Alexis is taking a stand, joining in the nationwide fight against police brutality and racial injustice following the May 25 killing of George Floyd. In a powerful announcement, Ohanian retired from Reddit, asking the board to replace him with a Black candidate to elevate Black voices. Ohanian is a co-founder of Reddit and entrepreneur (Elite Daily)
I could have included countless others in the list above. Diversity spanning time, sex, ethnicity, and purpose further supports this attribute's universality that the courage to DISRUPT is indeed leadership. Each of the persons above took a stand for something. How about you? What should you take a stand for that may be larger than you? What can you "DIS" and in so doing find a positive or right a wrong?
Next, let us examine "RUPT." It happens to be a root word that implies breaking or bursting. What do you need to "RUPT"? Surely you can think of something that needs breaking. If not, explore these questions. Are you watching injustice occur within your systems and structures, yet you think it is too costly to challenge? Do you see defects in your systems or processes, yet you think they are too hard to tackle? Do you rarely listen to voices that have been hushed or silenced in your organization due to their employment position? I do not know where you stand on any of these questions. But again, leadership often requires the courage to DISRUPT. Rev. Dr. Martin Luther King eloquently put it this way, "The ultimate measure of a man is not where he stands in moments of comfort and convenience, but where he stands in times of challenge and controversy." Imagine what could have been if silenced voices had prevailed in these events below:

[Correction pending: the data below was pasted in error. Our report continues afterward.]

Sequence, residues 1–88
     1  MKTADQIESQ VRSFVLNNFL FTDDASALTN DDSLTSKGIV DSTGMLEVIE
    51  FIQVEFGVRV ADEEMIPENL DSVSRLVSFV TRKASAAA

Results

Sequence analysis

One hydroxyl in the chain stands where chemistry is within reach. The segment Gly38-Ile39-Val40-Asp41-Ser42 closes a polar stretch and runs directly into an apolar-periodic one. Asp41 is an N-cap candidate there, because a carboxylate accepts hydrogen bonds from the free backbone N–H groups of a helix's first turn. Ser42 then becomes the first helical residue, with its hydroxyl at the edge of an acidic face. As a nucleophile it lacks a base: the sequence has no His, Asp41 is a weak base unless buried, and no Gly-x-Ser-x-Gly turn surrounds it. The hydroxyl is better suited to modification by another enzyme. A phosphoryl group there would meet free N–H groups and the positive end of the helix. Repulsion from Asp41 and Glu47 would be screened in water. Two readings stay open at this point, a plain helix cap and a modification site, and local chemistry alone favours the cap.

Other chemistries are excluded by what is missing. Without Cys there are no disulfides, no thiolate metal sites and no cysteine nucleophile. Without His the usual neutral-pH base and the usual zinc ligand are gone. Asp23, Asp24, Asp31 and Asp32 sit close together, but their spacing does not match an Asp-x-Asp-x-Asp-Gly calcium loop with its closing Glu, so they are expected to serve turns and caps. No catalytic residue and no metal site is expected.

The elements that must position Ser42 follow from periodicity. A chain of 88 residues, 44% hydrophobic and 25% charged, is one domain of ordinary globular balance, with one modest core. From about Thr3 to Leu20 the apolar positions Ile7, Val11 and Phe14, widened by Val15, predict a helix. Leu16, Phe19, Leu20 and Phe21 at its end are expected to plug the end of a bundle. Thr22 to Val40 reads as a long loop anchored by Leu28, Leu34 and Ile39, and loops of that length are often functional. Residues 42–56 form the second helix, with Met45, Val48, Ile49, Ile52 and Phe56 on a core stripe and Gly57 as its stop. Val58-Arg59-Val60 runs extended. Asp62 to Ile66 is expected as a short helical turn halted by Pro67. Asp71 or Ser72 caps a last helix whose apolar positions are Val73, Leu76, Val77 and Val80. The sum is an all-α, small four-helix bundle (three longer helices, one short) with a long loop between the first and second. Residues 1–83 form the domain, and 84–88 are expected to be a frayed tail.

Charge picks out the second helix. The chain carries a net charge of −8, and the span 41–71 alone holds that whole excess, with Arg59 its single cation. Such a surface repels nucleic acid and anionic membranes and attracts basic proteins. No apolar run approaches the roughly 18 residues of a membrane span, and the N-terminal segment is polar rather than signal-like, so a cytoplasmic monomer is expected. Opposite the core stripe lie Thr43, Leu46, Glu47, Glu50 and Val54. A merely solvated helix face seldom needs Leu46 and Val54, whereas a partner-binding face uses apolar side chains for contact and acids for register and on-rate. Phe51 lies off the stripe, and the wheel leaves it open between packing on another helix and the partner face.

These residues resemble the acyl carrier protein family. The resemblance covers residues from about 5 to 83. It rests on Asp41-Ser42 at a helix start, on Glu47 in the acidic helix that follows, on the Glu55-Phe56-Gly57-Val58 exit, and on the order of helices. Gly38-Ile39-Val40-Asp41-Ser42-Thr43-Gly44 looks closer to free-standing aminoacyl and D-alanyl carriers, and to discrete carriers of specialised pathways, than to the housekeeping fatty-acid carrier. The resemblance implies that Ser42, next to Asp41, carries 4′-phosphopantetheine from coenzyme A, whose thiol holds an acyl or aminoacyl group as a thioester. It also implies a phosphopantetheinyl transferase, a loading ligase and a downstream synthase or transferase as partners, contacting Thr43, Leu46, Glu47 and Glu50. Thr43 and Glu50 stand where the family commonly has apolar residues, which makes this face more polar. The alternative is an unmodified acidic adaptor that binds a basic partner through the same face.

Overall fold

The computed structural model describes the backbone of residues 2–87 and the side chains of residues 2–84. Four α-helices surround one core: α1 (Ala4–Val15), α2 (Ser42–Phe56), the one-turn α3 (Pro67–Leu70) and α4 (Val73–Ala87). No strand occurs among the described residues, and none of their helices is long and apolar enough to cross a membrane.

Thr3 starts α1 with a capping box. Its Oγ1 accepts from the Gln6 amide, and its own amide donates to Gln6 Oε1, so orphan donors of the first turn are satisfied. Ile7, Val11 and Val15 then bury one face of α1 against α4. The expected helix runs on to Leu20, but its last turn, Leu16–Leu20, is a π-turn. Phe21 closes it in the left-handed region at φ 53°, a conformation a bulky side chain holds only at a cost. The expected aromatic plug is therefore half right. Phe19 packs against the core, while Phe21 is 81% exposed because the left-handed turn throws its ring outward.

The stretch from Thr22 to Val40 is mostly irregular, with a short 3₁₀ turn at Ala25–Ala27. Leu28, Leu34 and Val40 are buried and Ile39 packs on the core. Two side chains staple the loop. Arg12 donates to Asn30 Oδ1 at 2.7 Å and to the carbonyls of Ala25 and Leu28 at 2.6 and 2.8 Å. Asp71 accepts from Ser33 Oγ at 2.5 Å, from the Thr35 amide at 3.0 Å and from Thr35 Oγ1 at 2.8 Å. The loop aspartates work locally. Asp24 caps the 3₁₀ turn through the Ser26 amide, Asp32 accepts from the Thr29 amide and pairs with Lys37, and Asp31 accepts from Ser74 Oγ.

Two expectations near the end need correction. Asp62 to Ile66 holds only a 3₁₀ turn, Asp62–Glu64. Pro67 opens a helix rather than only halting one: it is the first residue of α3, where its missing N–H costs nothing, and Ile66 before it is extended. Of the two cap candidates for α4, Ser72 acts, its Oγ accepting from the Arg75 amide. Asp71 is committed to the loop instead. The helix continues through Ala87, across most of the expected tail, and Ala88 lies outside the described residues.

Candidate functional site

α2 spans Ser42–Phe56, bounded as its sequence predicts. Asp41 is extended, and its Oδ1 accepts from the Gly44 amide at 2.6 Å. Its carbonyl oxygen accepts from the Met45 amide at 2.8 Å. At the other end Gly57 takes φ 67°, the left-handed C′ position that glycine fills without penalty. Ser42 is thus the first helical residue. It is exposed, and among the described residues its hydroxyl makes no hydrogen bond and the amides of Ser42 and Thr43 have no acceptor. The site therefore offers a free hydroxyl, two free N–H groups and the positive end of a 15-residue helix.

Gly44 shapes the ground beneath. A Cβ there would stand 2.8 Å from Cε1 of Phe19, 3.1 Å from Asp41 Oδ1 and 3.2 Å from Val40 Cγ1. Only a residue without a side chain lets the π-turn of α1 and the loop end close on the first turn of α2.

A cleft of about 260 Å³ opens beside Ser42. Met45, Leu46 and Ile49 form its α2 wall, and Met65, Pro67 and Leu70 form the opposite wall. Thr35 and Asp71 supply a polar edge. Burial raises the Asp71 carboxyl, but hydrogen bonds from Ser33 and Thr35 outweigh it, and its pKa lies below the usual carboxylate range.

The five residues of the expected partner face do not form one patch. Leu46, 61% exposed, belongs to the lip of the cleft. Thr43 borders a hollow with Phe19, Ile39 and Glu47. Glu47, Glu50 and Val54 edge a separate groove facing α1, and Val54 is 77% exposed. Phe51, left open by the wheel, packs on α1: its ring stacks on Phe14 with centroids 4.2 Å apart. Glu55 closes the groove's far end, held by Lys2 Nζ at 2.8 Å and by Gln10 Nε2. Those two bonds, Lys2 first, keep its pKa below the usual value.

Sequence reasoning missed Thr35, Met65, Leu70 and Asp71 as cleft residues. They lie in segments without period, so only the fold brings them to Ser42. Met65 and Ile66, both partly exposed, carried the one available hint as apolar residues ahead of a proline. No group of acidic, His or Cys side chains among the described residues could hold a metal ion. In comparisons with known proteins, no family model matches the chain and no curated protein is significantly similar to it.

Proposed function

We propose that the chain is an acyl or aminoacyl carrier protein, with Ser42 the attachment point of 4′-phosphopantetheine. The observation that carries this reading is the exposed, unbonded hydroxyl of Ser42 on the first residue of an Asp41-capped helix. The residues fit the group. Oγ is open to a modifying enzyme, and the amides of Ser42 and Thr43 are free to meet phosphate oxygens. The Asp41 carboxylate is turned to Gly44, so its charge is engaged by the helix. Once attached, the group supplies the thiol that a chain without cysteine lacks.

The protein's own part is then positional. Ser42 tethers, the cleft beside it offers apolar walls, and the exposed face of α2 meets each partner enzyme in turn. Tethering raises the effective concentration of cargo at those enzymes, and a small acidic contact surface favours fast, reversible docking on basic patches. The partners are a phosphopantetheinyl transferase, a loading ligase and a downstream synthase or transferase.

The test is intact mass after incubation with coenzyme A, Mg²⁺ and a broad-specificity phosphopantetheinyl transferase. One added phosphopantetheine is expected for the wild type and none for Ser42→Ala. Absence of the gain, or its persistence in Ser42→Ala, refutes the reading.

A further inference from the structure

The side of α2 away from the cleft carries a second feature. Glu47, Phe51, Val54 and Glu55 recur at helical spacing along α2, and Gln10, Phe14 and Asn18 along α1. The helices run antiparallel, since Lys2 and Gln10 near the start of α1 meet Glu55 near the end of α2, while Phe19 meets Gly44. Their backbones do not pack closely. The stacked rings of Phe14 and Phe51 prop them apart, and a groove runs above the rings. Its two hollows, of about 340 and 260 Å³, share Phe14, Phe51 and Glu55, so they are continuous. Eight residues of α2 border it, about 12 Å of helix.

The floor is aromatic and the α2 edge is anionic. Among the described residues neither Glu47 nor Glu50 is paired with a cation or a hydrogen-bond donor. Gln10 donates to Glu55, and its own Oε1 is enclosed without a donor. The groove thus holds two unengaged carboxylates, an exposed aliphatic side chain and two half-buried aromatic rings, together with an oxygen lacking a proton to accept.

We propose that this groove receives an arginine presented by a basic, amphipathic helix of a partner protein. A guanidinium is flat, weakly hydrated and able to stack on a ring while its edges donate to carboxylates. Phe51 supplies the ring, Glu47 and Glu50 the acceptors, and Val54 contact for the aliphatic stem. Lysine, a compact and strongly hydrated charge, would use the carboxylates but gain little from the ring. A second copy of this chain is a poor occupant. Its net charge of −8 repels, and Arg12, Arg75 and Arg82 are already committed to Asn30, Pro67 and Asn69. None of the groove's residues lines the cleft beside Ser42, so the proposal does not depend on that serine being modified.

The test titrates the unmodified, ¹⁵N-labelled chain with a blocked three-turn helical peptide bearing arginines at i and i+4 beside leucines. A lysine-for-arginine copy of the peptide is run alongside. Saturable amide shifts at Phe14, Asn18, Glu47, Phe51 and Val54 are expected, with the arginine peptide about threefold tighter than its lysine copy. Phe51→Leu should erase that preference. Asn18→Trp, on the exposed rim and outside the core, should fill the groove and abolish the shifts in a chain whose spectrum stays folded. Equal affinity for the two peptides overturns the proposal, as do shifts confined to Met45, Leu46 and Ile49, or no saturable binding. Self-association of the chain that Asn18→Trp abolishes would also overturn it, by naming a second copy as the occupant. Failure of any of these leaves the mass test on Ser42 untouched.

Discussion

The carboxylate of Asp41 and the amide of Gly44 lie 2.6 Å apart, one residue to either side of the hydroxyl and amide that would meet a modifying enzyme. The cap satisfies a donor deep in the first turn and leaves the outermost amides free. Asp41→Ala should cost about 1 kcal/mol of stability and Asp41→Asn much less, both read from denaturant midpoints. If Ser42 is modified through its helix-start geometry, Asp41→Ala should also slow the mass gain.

In 2015, the National Highway Traffic Safety Administration (NHTSA) imposed one of the most significant civil penalties in the agency's history on the Takata Corporation ~ $200 million for violations of the Motor Vehicle Safety Act. It specifically involved airbag safety.
The Enron scandal, revealed in October 2001, eventually led to the bankruptcy of the Enron Corporation, an American energy company based in Houston, Texas, and the dissolution of Arthur Andersen, which was one of the five largest audit and accountancy partnerships in the world. In addition to being one of the most significant bankruptcy reorganization in American history at that time, Enron undoubtedly is the biggest audit failure. (The Case Analysis of the Scandal of Enron by Li, Yuhao published in the International Journal of Biometrics, 2010)
Leadership often requires the courage to DISRUPT
I do not need to share what chaos resulted from the poor decisions made in the situations cited above...history has spoken. While I have no detailed knowledge about the specific events, root cause assessments in most cases would suggest that at some level, some person, metric, or process might have indicated that something catastrophic may have been looming. Hindsight is 20/20... but hindsight is usually too late.
Leaders, when do you need to show courage? Your lack of courage might not result in loss of life or fortune, but who knows the ultimate reality of failed leadership, i.e., failed courage. Some feel it's irresponsible to take positions that could negatively affect their salary, portfolios, or prestige. But isn't leadership more about others rather than yourself? To be a leader implies that someone is following you. Leaders, let us have the courage to DISRUPT. When we do, we may become the leaders we aspire to be and... more importantly, the leaders our followers would respect and deserve.